League revenues, about $400 million when he began, were around $5.3 billion last season. Digital advertising boards introduced this season will pad revenues, although those ads are distracting when they change. Franchise values have soared: Philip Anschutz and Ed Roski paid $113.25 million for the Kings in 1995, and Forbes valued the franchise at $1.3 billion last year. Vegas paid $500 million to join the NHL in 2017. A Seattle group paid $650 million in 2021 to become the league’s 32nd team, but additional expansion is on hold.

Growth is Bettman’s hallmark. So is confrontation.

NHL Commissioner Gary Bettman announces the cancellation of the of the 2004-05 season.
NHL Commissioner Gary Bettman announces the cancellation of the of the 2004-05 season during a news conference in February 2005.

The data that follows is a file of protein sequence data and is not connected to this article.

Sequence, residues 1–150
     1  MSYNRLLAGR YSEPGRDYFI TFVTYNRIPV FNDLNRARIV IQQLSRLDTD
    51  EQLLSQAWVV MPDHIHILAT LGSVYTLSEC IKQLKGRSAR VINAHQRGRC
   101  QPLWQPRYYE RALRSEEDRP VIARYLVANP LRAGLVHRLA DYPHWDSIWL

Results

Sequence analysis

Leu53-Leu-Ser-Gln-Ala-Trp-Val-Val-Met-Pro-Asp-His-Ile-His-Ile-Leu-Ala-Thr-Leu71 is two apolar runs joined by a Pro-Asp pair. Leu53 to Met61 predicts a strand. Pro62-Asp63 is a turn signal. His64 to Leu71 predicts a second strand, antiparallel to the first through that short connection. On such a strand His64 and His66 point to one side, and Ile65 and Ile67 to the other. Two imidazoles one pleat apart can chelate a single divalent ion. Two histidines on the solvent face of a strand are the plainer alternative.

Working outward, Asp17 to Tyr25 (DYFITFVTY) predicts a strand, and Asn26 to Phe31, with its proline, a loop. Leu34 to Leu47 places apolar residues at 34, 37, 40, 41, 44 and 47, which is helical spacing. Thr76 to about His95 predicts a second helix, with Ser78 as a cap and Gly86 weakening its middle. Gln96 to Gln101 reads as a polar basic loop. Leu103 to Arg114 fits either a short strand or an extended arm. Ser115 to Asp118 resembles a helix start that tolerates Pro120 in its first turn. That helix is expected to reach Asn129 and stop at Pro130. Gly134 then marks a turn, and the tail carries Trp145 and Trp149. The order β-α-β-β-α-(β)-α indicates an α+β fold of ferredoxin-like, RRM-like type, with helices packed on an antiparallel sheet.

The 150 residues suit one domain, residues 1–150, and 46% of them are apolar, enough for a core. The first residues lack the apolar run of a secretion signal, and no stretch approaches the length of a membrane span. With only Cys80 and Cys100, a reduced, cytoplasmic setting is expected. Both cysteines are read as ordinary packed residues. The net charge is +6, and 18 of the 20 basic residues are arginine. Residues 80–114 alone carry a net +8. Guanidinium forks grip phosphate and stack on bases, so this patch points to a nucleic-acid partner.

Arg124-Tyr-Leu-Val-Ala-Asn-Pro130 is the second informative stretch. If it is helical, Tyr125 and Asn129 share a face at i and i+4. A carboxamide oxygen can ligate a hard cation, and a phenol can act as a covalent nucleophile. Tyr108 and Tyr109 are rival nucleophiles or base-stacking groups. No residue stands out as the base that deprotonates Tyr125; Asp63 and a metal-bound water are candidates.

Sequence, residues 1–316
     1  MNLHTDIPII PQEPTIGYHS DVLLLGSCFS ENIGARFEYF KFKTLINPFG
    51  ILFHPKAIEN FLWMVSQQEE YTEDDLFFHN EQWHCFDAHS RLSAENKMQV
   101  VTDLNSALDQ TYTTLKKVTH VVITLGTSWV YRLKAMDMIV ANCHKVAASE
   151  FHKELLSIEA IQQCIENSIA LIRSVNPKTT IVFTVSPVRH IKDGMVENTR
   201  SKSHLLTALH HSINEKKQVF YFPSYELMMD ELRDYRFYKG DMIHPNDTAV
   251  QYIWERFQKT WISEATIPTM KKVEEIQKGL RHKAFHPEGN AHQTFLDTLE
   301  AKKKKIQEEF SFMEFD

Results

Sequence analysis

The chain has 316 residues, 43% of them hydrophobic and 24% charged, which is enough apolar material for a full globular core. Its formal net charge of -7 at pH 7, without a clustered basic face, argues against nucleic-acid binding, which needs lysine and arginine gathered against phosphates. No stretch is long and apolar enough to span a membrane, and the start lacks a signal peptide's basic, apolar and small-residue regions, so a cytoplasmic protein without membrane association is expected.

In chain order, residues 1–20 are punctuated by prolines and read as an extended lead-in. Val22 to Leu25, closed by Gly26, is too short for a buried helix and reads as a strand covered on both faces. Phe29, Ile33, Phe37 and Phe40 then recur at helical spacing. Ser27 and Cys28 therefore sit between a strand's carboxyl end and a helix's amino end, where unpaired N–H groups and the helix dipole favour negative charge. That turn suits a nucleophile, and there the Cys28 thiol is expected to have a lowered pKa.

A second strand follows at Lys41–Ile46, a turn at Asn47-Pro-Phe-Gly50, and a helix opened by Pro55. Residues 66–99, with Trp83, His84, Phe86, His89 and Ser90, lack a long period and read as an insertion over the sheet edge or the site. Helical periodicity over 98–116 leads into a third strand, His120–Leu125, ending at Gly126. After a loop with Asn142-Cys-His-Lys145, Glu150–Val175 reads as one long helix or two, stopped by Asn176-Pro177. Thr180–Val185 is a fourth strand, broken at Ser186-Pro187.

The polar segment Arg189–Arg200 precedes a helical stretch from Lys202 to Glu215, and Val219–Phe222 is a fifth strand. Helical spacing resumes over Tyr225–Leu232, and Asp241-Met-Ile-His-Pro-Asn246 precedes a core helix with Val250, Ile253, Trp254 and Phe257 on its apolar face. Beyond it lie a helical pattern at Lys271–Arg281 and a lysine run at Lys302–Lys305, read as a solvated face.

(Julie Jacobson / Associated Press)

Media interest sparked by the New York Rangers’ 1994 Stanley Cup triumph faded when he locked players out a few months later and lost nearly half the season without getting the salary cap owners wanted. He canceled the entire 2004-05 season to get a hard cap but the resulting revenue split didn’t satisfy owners — so he imposed another lockout before the 2012-13 season and got players to reduce their cut of hockey-related revenues from 57% to 50%.

He allowed players to represent their homelands in five Olympics but kept them home from Pyeongchang in 2018 and Beijing last year. In the first instance, he didn’t want to cede control to the International Olympic Committee and International Ice Hockey Federation; he used the potential 2022 Olympic break to make up games lost to COVID. Players wanted to go both times. There’s no plan in place for the 2026 Milano-Cortina Games.